And while streamable media is one way to get your kids involved in this month’s celebration, it shouldn’t end there. Other organizations, like the National Women’s History Museum (NWHM), have their own resource guides, activities, and toolkits for individuals and families. The museum’s 2022 toolkit, in partnership with Telemundo’s Unstoppable Women program, includes a suggested calendar of lessons and online event programming. The official site for Hispanic Heritage Month, a project of several federal arts and history institutions, has a long list of audio and visual content collected from a variety of sources, like the Smithsonian Institution, the Library of Congress, and the National Gallery of Art. 

Common Sense Media also has several book guides, podcast lists, and its own learning hub for the month — don’t hesitate to check them out. 

Scroll on for a selection of media that honors Latin American creators and stories, from a variety of streaming services.




Canticos is a bilingual sing-along show for toddlers and preschool-aged children that gets them engaged in fun nursery rhyme language learning. It was created and directed by Latina author and artist Susie Jaramillo, who also founded Encantos, an ed-tech platform for families.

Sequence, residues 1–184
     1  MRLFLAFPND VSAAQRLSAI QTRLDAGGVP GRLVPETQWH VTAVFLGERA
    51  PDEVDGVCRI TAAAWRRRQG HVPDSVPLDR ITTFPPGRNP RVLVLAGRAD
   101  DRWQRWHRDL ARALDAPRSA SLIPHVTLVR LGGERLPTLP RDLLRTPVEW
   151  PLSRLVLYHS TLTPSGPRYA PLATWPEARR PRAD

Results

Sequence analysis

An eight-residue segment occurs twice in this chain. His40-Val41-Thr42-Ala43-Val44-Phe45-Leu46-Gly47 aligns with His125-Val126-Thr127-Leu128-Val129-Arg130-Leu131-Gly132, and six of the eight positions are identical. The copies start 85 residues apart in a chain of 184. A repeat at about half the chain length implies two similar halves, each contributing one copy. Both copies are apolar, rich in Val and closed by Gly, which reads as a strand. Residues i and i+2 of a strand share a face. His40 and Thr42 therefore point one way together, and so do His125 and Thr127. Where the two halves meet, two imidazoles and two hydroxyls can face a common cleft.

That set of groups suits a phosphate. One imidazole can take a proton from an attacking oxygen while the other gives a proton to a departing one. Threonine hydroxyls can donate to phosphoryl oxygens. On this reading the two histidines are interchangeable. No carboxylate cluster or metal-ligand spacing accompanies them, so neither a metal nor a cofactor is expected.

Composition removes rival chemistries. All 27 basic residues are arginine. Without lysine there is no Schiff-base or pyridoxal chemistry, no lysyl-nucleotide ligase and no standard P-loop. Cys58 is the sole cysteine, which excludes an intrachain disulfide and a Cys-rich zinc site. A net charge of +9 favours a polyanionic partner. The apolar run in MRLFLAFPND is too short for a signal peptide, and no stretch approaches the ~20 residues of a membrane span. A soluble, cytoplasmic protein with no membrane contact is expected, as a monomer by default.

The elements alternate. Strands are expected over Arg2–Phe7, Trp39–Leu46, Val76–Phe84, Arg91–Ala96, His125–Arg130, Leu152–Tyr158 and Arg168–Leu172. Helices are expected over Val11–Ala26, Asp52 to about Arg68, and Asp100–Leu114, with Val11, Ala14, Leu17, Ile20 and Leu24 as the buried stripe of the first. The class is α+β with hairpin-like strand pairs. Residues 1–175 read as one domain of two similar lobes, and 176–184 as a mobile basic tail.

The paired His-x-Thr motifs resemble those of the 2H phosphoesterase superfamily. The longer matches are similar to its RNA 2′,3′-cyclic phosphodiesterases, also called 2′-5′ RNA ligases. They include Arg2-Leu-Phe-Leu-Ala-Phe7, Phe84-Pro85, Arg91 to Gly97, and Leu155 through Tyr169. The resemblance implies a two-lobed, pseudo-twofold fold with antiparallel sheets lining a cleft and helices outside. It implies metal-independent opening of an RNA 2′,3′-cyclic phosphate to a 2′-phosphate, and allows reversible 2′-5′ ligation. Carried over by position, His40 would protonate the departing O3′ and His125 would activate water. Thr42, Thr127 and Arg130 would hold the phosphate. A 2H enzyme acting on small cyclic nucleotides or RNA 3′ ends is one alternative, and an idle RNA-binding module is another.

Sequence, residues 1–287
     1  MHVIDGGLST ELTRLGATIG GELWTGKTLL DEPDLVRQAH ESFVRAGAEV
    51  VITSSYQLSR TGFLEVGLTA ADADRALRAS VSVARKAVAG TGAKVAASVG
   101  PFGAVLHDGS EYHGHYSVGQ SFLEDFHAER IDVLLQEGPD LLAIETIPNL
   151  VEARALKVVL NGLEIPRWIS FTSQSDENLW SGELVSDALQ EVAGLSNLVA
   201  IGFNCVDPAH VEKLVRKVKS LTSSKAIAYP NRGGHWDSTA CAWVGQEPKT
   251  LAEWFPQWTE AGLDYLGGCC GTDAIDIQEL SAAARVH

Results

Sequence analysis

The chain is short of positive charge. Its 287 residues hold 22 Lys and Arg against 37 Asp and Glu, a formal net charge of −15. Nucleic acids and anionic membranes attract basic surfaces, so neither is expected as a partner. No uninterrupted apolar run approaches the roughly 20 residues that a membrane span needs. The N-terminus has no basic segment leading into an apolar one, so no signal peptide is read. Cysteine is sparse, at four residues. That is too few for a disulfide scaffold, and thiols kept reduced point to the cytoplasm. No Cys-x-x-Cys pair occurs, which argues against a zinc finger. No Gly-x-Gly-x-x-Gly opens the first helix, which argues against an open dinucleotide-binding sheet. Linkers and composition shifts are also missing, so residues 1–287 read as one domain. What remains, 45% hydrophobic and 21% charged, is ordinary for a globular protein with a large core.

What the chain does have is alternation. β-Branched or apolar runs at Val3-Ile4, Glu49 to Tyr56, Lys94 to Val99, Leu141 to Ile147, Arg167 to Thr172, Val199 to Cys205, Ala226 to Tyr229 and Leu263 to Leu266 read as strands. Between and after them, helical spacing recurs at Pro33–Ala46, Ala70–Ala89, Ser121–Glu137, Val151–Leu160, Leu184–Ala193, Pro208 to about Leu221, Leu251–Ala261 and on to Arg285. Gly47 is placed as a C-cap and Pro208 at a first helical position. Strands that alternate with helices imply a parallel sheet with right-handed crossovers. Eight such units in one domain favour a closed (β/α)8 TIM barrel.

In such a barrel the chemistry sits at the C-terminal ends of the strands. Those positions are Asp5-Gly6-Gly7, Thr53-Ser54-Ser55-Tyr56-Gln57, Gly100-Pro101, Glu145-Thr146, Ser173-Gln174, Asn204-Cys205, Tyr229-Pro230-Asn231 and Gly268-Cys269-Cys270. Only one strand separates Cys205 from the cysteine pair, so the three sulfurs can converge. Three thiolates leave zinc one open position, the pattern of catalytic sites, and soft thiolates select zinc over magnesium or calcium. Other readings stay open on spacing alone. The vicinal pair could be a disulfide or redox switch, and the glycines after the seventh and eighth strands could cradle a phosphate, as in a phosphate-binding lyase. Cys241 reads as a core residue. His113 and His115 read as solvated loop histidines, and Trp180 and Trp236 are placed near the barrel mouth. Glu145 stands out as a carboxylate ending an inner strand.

Available on Nick Jr. and Amazon Prime Video.

Nina’s World

Nina’s World is a prequel series to Sprout channel’s The Good Night Show, and follows our host Nina, a 6-year-old Latina girl who lives with her family in Chicago, Illinois.

Available on Peacock.

Diary of a Future President

As the future president, Elena is motivated and responsible — but right now she’s still just a middle-schooler.
Credit: Disney

Diary of a Future President tells the origin story of fictional Cuban American and future leader Elena Cañero-Reed as she enters middle school, told using narrated excerpts from Elena’s diary. The show was created by Ilana Peña and is loosely inspired by Peña’s own adolescence.

Available on Disney+.

Trollhunters: Tales of Arcadia

Created by critically acclaimed Mexican director Guillermo del Torro, Trollhunters is a fantasy adventure following an average teen who finds a mysterious amulet and sets off to save multiple worlds. Common Sense Media has also singled it out as a Common Sense Selection for its positive role models.

Available on Netflix.

The Owl House

In “The Owl House,” Luz makes magical friends along the way.
Credit: Disney

A fan-favorite show among all ages, The Owl House tells the story of Luz, a Latinx human teen who happens to stumble into a world of magic that inspires her to become a witch herself. The show also depicts nonbinary, transgender, and other LGBTQ+ identities among its cast of magical and non-magical characters.

Available on Disney+.